The number of U.S. rigs drilling for oil saw its first increase in three weeks, Baker Hughes said Friday in its weekly report.
U.S. crude oil was on track to post its second straight weekly gain Friday, largely on concerns about an expected decline in supply from Iran due to U.S. sanctions and Venezuela’s declining output.
Earlier Friday, the Houston oilfield services provider said oil drillers added two rigs in the past week, while natural gas drillers added another pair. That made the combined count 1,048. Of those, 862 were seeking oil and 184 gas.
The rig count, an early indicator of future output, is much higher than a year ago at this time, when 759 rigs were active. Energy companies have been ramping up production over the past 18 months as OPEC has tried to reduce its output.
Texas oil production fell in June from a year earlier for the first time in 16 months, according to figures released Thursday by state regulators, a fresh sign that a lack of pipeline space from West Texas may be curbing production.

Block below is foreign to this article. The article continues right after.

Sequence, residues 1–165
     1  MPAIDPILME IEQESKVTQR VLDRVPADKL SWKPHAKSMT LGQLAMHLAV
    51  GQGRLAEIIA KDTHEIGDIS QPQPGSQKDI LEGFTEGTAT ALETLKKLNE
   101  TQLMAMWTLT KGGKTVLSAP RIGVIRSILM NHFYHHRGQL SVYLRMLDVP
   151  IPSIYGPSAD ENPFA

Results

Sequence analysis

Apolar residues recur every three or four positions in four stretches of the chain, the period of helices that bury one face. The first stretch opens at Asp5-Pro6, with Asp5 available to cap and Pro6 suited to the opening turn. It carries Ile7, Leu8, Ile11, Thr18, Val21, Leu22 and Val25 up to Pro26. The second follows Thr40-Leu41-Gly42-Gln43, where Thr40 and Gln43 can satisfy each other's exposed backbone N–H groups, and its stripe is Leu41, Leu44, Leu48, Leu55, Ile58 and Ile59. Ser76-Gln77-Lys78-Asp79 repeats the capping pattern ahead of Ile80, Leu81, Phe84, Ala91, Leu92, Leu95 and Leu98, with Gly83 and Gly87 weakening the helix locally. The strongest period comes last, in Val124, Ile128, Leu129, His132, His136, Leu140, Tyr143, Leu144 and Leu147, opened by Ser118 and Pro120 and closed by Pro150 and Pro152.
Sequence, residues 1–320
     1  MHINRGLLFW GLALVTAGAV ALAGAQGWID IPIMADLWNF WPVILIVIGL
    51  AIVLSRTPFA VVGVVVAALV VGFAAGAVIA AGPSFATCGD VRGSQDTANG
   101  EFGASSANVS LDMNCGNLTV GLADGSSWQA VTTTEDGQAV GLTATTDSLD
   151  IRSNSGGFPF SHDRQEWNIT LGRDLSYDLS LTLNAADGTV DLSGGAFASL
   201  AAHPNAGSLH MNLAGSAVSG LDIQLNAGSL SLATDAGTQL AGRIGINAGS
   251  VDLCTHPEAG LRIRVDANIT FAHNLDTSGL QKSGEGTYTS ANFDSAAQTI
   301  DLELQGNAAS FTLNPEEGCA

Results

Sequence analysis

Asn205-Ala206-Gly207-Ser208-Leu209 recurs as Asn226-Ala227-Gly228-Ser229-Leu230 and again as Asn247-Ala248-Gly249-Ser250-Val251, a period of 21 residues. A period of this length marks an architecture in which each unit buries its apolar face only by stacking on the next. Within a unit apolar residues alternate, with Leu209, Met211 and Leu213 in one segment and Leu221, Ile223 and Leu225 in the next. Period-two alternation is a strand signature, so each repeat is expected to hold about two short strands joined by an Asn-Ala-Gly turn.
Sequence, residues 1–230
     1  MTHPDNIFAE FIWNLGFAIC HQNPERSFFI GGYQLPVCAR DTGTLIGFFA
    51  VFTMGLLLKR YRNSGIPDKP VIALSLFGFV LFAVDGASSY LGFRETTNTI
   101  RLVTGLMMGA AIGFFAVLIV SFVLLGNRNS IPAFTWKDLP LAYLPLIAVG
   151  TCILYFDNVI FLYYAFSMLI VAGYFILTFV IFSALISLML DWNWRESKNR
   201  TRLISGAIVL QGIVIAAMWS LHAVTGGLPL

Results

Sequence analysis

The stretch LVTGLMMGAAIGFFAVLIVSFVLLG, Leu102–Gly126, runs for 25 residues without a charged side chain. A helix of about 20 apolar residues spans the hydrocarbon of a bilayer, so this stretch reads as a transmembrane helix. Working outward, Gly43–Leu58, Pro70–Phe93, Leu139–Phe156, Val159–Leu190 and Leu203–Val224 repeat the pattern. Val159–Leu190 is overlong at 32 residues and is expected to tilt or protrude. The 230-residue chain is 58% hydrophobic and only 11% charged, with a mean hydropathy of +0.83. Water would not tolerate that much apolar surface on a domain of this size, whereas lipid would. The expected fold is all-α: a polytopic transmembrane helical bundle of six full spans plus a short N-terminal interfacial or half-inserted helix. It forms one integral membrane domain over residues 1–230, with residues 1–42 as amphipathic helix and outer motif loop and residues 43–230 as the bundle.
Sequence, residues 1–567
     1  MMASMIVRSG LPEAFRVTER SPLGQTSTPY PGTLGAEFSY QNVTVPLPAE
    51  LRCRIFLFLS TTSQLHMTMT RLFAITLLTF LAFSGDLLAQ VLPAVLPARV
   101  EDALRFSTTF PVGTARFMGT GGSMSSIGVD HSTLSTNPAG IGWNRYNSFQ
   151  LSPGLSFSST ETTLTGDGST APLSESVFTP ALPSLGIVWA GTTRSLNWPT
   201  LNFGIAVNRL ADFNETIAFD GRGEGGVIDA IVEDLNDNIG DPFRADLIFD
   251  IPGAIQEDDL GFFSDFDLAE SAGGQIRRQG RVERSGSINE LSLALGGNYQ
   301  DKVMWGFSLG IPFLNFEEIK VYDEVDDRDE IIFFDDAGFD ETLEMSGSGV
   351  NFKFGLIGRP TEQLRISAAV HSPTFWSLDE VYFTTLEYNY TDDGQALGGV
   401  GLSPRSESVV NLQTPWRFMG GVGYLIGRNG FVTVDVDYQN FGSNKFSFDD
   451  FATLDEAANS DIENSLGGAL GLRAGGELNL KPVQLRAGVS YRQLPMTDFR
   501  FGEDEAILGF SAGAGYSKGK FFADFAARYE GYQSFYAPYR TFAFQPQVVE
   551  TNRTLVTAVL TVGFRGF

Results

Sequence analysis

The rig count tally in Texas was flat, but one-rig gains were seen in Louisiana, which now has 55 at work, Pennsylvania, with 41, and Kansas, with 1.
New Mexico and Oklahoma lost a rig apiece, to finish at 102 and 139 respectively.
By major basin, Oklahoma’s Cana Woodford was the week’s top gainer, adding two rigs to 67. The West Texas-New Mexico Permian Basin added one to 486, and another was added in the Northeast U.S.’ Marcellus Shale, which finished with 53.
The East Texas-Louisiana Haynesville Shale was flat on 49, while South Texas’ Eagle Ford lost one, to 78.
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